• JohnH says:

      I see it in its usual place.

      I have mentioned that some days the TNY pdf that appears in Crossword Scraper has overprinting that obscures either the puzzle’s title or a couple of clues. I think I’ve discovered the pattern, although not the cause or the cure. It occurs when italics appear in the puzzle, which means the Friday title and now and then a clue.

      In today’s TNY, that means 45D, where __ Reader appears in pdf as Reader (correctly in italics) with underscore beneath its first three letters, and 49D, where Easter fleur appears in pdf as one word obscuring the other (fleur correctly in italics). On such days, I belatedly return to the magazine’s Web site to read the affected clues.

      Of course, this issue does not appear if I rely on TNY’s own “print” command, although that introduces problems of its own that led me to Crossword Scraper (on advice here) in the first place.

      • pannonica says:

        On the New Yorker website, the latest crossword I’m seeing is this past Friday’s. Strange, because I solved their cryptic yesterday, which is no longer present.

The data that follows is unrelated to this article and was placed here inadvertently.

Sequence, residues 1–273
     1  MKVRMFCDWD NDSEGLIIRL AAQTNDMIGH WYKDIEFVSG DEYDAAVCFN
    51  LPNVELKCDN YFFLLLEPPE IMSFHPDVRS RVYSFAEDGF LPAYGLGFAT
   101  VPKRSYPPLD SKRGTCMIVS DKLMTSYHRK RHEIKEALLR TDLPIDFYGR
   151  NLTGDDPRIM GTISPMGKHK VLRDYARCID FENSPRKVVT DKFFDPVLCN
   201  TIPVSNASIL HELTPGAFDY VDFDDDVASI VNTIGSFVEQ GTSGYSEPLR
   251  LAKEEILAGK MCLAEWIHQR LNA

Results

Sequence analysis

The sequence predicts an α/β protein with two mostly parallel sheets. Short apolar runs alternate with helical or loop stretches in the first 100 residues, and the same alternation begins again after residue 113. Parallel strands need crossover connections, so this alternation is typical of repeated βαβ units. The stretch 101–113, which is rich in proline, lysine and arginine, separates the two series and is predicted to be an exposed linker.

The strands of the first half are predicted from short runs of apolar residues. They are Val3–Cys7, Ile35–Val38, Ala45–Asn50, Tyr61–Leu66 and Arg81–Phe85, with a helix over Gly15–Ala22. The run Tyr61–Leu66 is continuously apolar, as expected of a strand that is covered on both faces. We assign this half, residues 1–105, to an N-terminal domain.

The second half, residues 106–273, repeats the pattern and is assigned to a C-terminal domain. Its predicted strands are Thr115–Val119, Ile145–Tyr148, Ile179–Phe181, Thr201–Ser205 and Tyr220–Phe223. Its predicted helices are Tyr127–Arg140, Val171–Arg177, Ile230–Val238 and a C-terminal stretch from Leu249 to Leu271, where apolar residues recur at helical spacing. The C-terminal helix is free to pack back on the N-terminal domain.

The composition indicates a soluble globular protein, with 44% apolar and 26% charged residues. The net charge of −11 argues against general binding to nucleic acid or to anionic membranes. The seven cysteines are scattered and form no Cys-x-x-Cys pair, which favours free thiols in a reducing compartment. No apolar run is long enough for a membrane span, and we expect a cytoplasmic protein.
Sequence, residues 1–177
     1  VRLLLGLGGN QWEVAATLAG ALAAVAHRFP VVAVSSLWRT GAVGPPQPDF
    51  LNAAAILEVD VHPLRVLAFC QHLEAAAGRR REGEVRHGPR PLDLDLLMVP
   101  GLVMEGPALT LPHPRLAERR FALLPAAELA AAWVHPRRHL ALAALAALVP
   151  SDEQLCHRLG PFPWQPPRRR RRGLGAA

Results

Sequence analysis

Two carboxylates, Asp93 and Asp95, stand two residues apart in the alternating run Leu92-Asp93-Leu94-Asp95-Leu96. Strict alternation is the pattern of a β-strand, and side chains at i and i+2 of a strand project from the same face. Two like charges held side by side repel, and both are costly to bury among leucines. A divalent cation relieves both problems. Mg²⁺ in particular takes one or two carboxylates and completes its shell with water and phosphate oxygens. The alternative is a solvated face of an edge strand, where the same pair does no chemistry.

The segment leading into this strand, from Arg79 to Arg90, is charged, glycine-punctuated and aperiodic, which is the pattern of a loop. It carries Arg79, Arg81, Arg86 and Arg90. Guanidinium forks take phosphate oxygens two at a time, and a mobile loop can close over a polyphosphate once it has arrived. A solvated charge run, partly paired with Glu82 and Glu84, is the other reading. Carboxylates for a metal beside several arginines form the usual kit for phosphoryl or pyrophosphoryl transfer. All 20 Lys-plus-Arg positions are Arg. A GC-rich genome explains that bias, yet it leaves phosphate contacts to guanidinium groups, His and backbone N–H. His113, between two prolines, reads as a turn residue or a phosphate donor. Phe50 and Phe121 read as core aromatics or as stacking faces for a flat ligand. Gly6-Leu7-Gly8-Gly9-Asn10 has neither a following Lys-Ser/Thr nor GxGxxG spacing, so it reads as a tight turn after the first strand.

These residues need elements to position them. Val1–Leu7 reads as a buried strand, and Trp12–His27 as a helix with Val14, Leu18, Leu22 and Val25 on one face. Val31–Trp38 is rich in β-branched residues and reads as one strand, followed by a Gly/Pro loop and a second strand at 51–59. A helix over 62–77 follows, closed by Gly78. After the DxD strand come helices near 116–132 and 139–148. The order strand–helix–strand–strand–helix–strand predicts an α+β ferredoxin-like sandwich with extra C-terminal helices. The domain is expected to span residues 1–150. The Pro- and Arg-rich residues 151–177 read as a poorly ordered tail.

edit: Seems to be an issue with their index page. I entered the url ( for today’s crossword and the page appeared just fine.

        • janie says:

          hah! was just in the process of posting the same suggestion:

          open an older puzzle. visit the url field and work your way to the end, where the date is. change the date to 7/24/2023.

          worked fer me!


        • Amy Reynaldo says:

          I just solved the cryptic. It’s there! But the New Yorker email with the puzzle links arrived at 10:03 Central, which is after your comment. Maybe they changed something in the puzzle?

        • JohnH says:

          You got me. I saw the puzzle this morning when I looked easily before 9 Eastern. I have (without index.htm) bookmarked and scroll down a bit to a row of four images below a heading for Puzzles & Games. Clicking on either of the center two, for the latest crossword or cryptic, then takes me to where I use Crossword Scraper. (And yes, wouldn’t surprise me at all if my own, different problem is unique to pdf.)